This is a template module

Make it easier for the reader

The same guidelines used to describe your project to people seeing it for the first time apply to the documentation of your project:

Different people will have different interests in your project. Some might just want to use what you are developing (and they may or may not have previous skills in building open hardware). Some people might want to join efforts in developing with you, some might want to build a derivative of your work, using it as a starting point for something new.

Just from these three examples, we can imagine that we need to cover different aspects of our project. How can I guide people to build my hardware? How can I guide people to use it? How can I make co-development easier by setting out clear explanations on what is the expected way to work together?

People reading it will have different skill levels and should not have to spend a lot of time looking for the meaning of a certain jargon or words they never saw before. Think broadly, can a person who has never build anything build and use this? Can an expert do the same?

A good approach to document things is to split it into to different documents each focused on one use case. This allows documenting to be more tractable and facilitates reading/watching. One suggestion would be to develop one document for using your hardware, one for building/assembling it and one for developing it.

Identifying required skills

When documenting a project it is normal to focus on the bits and pieces that go in it, and show the steps to put them together. However, it is also important to make sure people know what are the tools they need to put parts together, as well as what skills are necessary. It is a bit frustrating to be in the middle of a build and realize that you don’t have that one screwdriver needed to fix two pieces together, or that you should brush up on your soldering skills.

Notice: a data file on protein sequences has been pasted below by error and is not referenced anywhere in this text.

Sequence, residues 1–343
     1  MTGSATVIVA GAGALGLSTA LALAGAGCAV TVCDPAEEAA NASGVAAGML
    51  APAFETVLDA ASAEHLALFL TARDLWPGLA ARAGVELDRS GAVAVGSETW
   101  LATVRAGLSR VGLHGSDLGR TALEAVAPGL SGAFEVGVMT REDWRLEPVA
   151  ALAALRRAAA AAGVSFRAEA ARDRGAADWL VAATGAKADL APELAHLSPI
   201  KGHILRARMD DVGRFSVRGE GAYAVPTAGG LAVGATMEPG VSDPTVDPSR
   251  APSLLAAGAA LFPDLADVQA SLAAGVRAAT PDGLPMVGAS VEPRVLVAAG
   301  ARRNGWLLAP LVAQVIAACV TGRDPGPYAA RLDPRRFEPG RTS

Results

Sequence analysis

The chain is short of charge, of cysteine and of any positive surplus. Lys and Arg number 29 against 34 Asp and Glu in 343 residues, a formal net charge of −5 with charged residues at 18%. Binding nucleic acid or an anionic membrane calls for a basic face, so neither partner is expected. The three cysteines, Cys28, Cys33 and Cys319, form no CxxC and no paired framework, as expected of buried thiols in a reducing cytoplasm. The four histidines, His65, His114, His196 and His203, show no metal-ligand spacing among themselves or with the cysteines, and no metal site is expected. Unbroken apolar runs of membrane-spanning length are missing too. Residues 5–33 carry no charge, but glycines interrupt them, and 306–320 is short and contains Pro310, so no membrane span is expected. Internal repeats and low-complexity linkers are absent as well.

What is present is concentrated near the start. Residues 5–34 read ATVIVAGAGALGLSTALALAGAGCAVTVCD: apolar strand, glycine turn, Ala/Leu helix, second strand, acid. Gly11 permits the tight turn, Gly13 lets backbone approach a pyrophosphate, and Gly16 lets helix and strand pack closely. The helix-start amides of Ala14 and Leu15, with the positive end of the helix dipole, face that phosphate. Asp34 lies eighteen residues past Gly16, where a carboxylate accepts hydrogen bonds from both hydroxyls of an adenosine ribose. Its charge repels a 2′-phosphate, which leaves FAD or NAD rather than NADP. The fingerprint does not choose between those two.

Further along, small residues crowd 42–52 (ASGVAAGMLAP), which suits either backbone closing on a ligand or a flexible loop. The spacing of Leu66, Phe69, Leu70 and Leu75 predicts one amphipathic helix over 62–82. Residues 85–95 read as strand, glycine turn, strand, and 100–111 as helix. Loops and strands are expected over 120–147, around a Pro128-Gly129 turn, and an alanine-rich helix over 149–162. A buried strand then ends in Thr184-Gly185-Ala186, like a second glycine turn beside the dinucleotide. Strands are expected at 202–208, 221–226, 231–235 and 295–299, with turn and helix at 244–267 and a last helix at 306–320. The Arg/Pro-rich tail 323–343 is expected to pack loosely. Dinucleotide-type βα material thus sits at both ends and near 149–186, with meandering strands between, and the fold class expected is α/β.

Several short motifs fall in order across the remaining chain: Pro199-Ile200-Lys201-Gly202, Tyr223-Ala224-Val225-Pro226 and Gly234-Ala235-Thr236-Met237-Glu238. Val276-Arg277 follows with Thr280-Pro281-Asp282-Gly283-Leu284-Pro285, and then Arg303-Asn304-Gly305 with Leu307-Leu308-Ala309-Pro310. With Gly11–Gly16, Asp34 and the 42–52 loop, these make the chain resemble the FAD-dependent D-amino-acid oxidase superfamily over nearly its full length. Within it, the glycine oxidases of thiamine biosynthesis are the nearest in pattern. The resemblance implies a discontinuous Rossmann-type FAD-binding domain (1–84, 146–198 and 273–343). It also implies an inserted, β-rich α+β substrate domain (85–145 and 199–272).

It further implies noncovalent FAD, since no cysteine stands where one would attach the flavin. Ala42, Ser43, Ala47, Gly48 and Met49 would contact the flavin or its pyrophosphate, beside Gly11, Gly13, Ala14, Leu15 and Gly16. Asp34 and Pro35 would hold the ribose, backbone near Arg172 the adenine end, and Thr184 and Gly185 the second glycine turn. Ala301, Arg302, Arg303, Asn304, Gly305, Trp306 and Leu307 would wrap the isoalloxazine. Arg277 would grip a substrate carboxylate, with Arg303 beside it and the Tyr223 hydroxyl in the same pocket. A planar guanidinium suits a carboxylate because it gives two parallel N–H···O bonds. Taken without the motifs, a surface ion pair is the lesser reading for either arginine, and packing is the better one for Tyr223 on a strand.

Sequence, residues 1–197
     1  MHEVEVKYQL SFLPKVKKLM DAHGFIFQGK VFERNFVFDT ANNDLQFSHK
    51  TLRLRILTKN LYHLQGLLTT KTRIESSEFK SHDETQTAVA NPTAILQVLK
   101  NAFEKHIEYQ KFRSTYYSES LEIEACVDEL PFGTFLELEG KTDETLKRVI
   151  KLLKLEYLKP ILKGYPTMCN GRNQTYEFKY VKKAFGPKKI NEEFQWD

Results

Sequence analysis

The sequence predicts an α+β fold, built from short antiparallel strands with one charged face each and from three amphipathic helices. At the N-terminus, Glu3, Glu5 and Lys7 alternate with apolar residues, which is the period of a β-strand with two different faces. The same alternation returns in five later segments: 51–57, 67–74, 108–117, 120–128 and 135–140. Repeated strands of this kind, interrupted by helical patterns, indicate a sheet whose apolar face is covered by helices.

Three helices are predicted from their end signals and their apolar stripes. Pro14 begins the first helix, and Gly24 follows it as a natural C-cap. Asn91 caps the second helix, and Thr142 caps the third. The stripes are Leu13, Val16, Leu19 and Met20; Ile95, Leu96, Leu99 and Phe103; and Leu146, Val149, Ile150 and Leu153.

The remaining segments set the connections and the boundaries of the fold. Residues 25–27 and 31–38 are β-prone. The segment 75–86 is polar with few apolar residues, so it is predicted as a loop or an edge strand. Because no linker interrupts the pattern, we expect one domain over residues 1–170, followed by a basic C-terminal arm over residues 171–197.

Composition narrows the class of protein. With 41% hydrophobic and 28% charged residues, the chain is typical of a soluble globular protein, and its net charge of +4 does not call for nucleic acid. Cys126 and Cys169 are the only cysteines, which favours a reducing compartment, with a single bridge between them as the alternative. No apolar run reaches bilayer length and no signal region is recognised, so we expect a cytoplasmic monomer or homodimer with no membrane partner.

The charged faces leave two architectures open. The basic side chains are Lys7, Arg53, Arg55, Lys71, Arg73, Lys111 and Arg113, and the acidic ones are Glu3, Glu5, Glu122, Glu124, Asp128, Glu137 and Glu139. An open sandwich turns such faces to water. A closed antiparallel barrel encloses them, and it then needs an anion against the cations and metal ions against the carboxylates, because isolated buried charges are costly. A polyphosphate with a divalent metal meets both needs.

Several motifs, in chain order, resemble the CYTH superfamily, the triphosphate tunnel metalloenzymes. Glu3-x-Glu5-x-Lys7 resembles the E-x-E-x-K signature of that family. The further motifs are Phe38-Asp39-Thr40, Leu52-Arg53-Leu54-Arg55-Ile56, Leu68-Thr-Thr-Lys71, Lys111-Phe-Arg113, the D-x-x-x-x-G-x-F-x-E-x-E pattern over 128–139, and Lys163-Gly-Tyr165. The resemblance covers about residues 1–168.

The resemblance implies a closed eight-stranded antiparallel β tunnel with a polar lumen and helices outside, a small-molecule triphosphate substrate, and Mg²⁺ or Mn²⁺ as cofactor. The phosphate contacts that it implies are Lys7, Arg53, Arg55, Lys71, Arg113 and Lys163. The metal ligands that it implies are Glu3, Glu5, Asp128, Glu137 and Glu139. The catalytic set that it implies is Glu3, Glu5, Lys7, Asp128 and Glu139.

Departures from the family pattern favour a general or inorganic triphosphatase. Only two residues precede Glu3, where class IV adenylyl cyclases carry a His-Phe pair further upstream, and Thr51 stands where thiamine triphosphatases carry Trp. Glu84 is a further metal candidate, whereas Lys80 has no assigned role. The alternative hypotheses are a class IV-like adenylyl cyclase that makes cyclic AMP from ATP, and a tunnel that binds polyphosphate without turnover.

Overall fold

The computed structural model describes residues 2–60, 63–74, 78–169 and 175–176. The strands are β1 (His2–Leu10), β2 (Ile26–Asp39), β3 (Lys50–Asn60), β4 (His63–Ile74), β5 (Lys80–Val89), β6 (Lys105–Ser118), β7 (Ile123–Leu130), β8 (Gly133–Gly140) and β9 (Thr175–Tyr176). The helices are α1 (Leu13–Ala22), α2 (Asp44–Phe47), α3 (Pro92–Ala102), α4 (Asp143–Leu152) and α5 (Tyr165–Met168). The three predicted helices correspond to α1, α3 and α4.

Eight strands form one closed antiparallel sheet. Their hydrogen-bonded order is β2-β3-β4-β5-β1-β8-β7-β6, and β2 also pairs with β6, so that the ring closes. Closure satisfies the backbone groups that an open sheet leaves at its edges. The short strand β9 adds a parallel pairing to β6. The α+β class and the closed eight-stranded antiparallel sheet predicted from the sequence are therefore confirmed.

That’s why you should make sure to have a list of necessary tools and skills needed to develop/build your project together with your documentation. They go quite nicely with the bill of materials.

Audiovisual formats in documentation

Another way to document your project is to make a video as you build it, as this is a more organic way of explaining to others what is going on, and how the build/development progress.

One point to watch out for is that it can be cumbersome to find a specific bit of a video, when a certain instruction was given. Therefore, make sure you make marks (timestamps) on your video that enable viewers an easy way to jump back and forward, checking/rechecking different steps.

A nice thing about videos, is that they have several different subtitles, so with one recording, you can reach many different groups that speak different languages. For that to work great, make sure you note down somewhere that you are looking for collaborators to translate your videos and make sure they have an easy way to edit subtitle files.

Assignment: Improve your documentation

  • Revisit your contribution guidelines and documentation plan
  • In previous modules you worked on your documentation plan. You can now work on adding content to that plan, check if it is useful or if it needs changes. Doesn’t matter if you can’t have a polished version right now, but add as much detail as possible to your documentation considering users (using and assembling) and developers (contributing).


Beginner guide to docs Examples of technical documentation

next: Bill of materials  

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